The Makerbot Thing-o-Matic (http://www.makerbot.com/) goes for about $1000, if I recall. I don't know how much a RepRap (http://reprap.org/wiki/Main_Page) goes for, since it is a diy sort of thing, but I would guess possibly as low as half that if you are resourceful.

I personally want a CNC mill. It's like a 3d printer, but it carves material away instead of slowly adding it (think glorified robot dremel instead of glorified robot hot glue gun). Mainly, I want to be able to machine parts out of aluminum. I've priced having a few custom blaster parts built locally, and, uh, they didn't get past the quote stage. I'm thinking about getting crafty and making my own though: http://www.instructa...com/id/DIY-CNC/

The neat thing is, the only difference between the two is that a 3D printer has an extruding tool head, and a CNC mill has a cutting tool head. The rest of them work the same.


The Makerbot Thing-o-Matics are fun kits, but they do have their drawbacks (print size, part quality). They usually run for about 1300 and I believe they are begin discontinued for a new printer costing 1750 (but I don't know for sure)

You can certainly make your own printer from scratch, but it takes a looooong time and a lot of knowledge to get it working well. That's how I started, actually (www.reprap.org)

A cnc mill and 3d printer share a common principle, but things purpose built for either are not ideal for conversion. CNC mills generally are pretty slow for 3d printing, as rigidity is far more important than speed when cutting aluminum. Also, 3d printers require a heated printing surface and temperature control for the extruder which makes CNC conversions a little tricky.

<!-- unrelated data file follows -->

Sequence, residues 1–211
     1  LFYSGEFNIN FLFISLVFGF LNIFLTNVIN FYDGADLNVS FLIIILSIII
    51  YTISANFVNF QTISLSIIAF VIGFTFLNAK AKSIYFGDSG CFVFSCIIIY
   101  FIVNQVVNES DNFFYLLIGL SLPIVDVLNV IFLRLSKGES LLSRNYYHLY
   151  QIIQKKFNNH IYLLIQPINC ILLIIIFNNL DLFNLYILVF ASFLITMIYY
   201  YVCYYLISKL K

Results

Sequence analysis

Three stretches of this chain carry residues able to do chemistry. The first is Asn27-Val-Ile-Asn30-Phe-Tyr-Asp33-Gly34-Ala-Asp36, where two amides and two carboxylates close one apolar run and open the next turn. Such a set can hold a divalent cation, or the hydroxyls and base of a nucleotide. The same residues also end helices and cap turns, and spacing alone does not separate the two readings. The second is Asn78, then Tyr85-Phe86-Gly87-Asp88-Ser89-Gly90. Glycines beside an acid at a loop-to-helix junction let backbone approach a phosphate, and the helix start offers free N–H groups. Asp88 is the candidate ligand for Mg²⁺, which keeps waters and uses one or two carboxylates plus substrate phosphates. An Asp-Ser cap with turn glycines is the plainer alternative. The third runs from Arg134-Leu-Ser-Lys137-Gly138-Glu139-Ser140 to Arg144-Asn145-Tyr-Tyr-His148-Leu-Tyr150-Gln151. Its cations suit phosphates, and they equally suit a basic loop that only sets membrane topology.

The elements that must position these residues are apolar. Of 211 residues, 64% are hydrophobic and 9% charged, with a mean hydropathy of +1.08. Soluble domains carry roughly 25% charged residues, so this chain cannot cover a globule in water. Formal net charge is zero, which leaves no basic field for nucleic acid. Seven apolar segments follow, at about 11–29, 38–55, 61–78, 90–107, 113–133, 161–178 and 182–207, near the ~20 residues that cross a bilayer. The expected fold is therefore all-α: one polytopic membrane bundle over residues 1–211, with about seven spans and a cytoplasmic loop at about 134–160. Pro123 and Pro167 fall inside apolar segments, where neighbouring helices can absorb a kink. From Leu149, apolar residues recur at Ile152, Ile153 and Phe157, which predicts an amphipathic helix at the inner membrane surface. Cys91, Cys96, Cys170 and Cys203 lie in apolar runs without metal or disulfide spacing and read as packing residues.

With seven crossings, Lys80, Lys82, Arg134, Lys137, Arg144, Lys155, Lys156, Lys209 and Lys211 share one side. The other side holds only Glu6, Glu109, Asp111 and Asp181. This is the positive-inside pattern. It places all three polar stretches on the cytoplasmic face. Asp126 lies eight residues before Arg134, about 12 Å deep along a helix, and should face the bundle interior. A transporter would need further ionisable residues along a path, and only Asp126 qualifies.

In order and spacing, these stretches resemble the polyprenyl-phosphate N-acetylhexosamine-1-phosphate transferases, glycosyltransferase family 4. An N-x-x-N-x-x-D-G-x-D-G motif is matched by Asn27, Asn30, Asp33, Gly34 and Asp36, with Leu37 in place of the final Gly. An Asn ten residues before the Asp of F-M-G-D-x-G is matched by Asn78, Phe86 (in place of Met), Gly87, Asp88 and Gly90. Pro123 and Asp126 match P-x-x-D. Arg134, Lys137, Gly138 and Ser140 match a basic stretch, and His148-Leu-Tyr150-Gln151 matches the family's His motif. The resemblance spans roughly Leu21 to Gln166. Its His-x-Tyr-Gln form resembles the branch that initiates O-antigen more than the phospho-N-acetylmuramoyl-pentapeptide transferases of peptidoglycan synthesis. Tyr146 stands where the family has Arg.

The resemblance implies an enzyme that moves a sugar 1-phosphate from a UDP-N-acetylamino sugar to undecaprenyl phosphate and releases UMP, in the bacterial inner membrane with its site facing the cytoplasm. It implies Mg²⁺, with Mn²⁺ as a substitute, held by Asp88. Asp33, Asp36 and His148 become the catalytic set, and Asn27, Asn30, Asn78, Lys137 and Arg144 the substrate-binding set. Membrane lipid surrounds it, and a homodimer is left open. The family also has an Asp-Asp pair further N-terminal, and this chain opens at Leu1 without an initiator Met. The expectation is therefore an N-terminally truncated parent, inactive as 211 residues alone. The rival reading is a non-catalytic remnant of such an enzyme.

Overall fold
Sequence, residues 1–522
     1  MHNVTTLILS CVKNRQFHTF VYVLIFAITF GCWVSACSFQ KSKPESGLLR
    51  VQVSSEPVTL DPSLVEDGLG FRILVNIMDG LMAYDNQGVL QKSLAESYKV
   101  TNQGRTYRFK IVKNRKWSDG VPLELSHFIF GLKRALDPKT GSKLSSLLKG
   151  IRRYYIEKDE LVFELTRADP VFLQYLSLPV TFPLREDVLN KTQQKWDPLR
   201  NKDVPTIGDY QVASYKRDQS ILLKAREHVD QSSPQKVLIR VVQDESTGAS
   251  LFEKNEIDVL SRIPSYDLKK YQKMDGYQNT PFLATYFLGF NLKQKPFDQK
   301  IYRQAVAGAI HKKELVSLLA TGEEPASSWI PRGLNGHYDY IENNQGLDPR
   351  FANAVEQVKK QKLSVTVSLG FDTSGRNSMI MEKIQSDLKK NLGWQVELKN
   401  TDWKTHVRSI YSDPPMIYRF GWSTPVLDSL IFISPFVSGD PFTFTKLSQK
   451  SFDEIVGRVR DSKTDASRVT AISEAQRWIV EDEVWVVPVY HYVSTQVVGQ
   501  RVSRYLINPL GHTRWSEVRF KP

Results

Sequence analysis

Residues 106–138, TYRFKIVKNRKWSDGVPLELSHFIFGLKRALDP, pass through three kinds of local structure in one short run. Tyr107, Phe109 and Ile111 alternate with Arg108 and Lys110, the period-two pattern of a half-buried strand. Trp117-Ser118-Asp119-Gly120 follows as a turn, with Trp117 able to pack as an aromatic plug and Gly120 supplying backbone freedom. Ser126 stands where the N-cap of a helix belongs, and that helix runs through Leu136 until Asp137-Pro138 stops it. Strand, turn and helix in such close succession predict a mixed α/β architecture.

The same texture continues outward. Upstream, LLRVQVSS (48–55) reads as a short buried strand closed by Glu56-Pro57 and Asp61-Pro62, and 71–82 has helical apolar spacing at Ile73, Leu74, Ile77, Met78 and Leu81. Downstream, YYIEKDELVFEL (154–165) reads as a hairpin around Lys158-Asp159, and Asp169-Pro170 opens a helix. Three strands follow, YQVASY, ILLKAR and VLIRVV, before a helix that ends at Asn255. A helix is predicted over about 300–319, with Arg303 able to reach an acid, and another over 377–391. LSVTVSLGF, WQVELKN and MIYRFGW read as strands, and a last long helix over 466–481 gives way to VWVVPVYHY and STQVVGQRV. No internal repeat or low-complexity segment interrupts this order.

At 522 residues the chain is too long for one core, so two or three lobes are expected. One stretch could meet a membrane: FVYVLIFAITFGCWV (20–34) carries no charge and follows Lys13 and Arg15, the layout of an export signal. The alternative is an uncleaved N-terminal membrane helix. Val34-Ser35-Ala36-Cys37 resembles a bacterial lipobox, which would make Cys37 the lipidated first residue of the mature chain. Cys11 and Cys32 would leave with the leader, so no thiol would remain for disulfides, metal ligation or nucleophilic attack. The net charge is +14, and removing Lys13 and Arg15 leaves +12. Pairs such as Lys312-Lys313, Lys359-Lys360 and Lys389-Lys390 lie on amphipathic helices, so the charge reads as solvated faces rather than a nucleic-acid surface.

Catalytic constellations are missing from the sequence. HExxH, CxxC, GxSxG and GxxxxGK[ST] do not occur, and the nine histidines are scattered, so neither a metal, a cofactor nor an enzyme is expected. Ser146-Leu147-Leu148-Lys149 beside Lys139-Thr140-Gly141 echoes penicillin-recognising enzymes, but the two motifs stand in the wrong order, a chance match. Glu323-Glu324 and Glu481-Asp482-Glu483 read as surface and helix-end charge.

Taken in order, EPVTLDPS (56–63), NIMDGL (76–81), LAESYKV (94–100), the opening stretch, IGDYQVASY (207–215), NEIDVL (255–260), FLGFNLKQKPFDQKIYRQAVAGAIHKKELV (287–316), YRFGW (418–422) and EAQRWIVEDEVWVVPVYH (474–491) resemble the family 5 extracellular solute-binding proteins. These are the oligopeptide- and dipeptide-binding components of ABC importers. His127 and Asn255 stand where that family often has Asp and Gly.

As for support material, my printer can auto generate sparse support with the same material it prints the object with, which just gets broken off after the print is done. It takes some effort and leaves less than ideal surface finish, but it works for most things.

I make all my models in Solidworks.
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#45 User is offline   TxNerfer 

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Posted 11 February 2012 - 05:49 PM

Great work. Looks really solid. Also, I don't understand the hype over crossbow shells. They kinda suck, not sure why the first thing that comes to mind when they see this is zomg crossbow. Anyways, keep up the work. You could make some really interesting stuff with this shit.

 Zorn, on 13 December 2011 - 07:31 PM, said:

1. Thank you, I take donations in horse/wolf porn